At the core of ‘Seoul Mates’, the tenth episode in Northern Exposure‘s third season, is Cicely’s annual Raven Pageant; an allegorical Christmas story of unspecified Native American extraction that combines the images of trickster figure and redeemer. The town is decorated in raven ornamentation, from actual bird carvings to raven lights and ornaments on the Christmas trees of the townsfolk.
When New York Dr. Joel Fleischman (Rob Morrow) is sent to small-town Cicely Alaska to practice medicine as his end of the deal to pay back medical loans funded by the state of Alaska, he is dropped into the midst of a cast of eccentric individualists, townsfolk that are either native to the area or that have deliberately or serendipitously come to the town to exercise their freedom of thinking or living outside of the norm. The uniqueness of the town’s character does not preclude – and, in fact, lends itself well – to a year-round series of traditions and festivals that celebrate and commemorate the pageantry of life going by, with more than an occasional nod to the inherent spiritual proclivities in the human and natural world.
In addition to the unique spirit of the town, what matters is the characters’ journeys within the episode. Ex-astronaut and self-fashioned town patriarch Maurice Minnifield (Barry Corbin) laments the loneliness of the Christmas season for a single man without a family of his own. Moments later, he learns that he has a Korean family, with a son he fathered when he was a young man during the war. His reception of his new, unexpected family is less than heartwarming. Joel, who is Jewish, talks incessantly about the fun and festivity of Christmas trees, but is conflicted about having one of his own, despite the fact that other non-Christian townsfolk (Dave (William J. White), the cook at the local eatery, is an Animist) have Christmas trees in their homes.
Maggie O’Connell (Janine Turner), who left a debutante life in Grosse Point, Michigan to be a bush pilot in small-town Alaska, dreads her inevitable yearly holiday receipt of a plane ticket home to be with her family for Christmas. When she receives instead a letter telling her that her parents are going to St. Thomas this year, she lapses into denial and depression. Shelly Tambo (Cynthia Geary), former beauty contestant and very young girlfriend of 63-year old tavern owner and former hunter Holling Vincoeur (John Cullum) misses the Catholic Christmas Midnight Masses of her youth. Shop owner Ruth Anne (Peg Phillips) has a unique take on her own atheism, which precludes neither belief in a supreme being nor a subscription to The Christian Science Monitor. Chris Stevens (John Corbett), the town’s reformed ex-convict, spiritually philosophical DJ, observes all of these dramas, reads “The Raven,” discusses ravens in literature and ravens in the town’s Christmas pageantry as transcendental symbols, and tells about his own unique Christmas revelation when he was a child.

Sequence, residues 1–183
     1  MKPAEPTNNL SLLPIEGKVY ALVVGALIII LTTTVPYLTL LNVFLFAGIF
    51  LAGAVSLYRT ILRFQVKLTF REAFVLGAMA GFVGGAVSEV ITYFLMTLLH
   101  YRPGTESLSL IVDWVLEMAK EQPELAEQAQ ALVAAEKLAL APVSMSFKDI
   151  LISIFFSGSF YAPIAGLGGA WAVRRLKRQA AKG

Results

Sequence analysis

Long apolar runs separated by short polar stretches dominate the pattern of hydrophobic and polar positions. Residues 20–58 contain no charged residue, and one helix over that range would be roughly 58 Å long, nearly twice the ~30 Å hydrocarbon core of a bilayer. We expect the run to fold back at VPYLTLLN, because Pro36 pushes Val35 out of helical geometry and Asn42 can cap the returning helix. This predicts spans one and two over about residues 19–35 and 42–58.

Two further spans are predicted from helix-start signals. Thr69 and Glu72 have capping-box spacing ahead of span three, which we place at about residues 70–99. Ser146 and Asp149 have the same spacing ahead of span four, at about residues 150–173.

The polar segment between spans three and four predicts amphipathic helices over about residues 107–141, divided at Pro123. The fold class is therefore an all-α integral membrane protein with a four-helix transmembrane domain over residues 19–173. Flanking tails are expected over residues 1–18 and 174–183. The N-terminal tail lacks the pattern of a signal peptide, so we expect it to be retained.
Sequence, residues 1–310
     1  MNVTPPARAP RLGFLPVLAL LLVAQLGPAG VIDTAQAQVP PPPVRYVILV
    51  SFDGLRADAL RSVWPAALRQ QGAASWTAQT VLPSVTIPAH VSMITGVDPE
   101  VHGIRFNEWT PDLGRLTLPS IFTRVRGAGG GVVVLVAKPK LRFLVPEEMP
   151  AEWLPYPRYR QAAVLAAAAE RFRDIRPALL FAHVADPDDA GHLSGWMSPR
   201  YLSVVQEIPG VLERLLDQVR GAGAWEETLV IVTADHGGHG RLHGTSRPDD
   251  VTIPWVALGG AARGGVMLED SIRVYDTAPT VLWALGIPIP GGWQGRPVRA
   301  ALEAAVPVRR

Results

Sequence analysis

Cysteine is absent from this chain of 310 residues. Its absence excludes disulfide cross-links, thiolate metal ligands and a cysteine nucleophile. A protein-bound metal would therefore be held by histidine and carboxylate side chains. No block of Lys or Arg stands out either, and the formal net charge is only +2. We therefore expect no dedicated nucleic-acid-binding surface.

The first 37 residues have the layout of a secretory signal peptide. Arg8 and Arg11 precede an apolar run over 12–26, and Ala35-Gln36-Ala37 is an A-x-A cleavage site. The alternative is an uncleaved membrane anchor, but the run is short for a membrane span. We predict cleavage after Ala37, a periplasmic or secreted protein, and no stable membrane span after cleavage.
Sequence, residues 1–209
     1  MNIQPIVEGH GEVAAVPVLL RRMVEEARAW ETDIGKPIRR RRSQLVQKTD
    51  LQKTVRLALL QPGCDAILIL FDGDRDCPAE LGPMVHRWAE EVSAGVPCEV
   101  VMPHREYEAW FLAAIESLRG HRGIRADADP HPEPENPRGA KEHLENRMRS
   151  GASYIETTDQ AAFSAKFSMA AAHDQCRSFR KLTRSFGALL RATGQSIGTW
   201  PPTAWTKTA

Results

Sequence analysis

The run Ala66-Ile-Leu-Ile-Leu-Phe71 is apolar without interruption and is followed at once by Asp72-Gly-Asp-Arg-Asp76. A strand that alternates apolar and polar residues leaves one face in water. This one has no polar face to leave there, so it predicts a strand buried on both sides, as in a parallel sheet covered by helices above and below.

In this excellent episode of Northern Exposure, Christmas blessings come first as challenges. Maurice learns some measure of acceptance and genuine community with his Korean family. Maggie and Joel find the right balance of giving and receiving their own traditions when Joel, who had hosted a Christmas tree in his living room with great reservation through most of the episode, decorates it and gives it to Maggie, who is uplifted from her disavowal of Christmas cheer. In the most moving scene, Holling decorates the community church/meeting hall as a Catholic nativity and sings “Ave Maria” to Shelly while she worships. The scene works as a stunning character piece of love and empathy. It is helped by John Cullum’s background as a Tony-award winning Broadway actor and singer. In the final scene, all of the characters attend the Raven Pageant. Joel’s quietly sage medical assistant/office manager Marilyn (Elaine Miles) has the starring role and narrates the story of the Raven, the final words of which, “From then on, we no longer lived in darkness,” move with the scene from the illuminated faces of the pageant-goers to quiet snowfall on a totem poll outside.
I was absolutely enchanted with “Seoul Mates” when I first watched it in 1991. For many years, it was my go-to viewing on Christmas Eve and expressed, to me, both the individual meaning and communal fellowship of Christmas. The characters practice their own beliefs, but it is their acceptance and participation in others’ beliefs that frees them to fully practice their own. The story has spiritual power, but the religion and spirituality are allegorical in the story of the Raven and infused into the characters’ journeys. It is lyrical and personal; traditional for the season, yet a set of traditions unto itself. I have watched “Seoul Mates” at Christmas with my mom and grandmother and with friends many times since 1991, but I have neither seen it nor sought it recently. I don’t know why.
In rewatching this year, my memory for all of the events and details was intact. I remembered the trajectory and outcome of each character’s story. What had escaped me was the wonderment of all of those individuals living their lives as a community, accepting each others’ differences and, dare I say, oddities, and forgiving each others’ transgressions. “Seoul Mates” is the perfect Christmas story for people that want to be imbued with the spirit of Christmas, as well as for those that like ravens: those dark, decorative birds peppering the Cicelian Christmas landscape and ultimately bringing light to its people.